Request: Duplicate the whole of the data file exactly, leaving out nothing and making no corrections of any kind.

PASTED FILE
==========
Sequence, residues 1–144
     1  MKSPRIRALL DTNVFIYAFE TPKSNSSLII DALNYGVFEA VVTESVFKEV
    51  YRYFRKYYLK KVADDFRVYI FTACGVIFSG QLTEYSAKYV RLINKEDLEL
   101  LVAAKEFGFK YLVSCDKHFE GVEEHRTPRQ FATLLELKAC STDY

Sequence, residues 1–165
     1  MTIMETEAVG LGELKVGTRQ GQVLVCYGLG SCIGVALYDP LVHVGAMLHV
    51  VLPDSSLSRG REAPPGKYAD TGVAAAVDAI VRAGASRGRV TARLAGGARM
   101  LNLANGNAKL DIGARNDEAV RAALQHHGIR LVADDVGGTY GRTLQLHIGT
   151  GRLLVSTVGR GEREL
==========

Sequence, residues 1–144
     1  MKSPRIRALL DTNVFIYAFE TPKSNSSLII DALNYGVFEA VVTESVFKEV
    51  YRYFRKYYLK KVADDFRVYI FTACGVIFSG QLTEYSAKYV RLINKEDLEL
   101  LVAAKEFGFK YLVSCDKHFE GVEEHRTPRQ FATLLELKAC STDY

Sequence, residues 1–165
     1  MTIMETEAVG LGELKVGTRQ GQVLVCYGLG SCIGVALYDP LVHVGAMLHV
    51  VLPDSSLSRG REAPPGKYAD TGVAAAVDAI VRAGASRGRV TARLAGGARM
   101  LNLANGNAKL DIGARNDEAV RAALQHHGIR LVADDVGGTY GRTLQLHIGT
   151  GRLLVSTVGR GEREL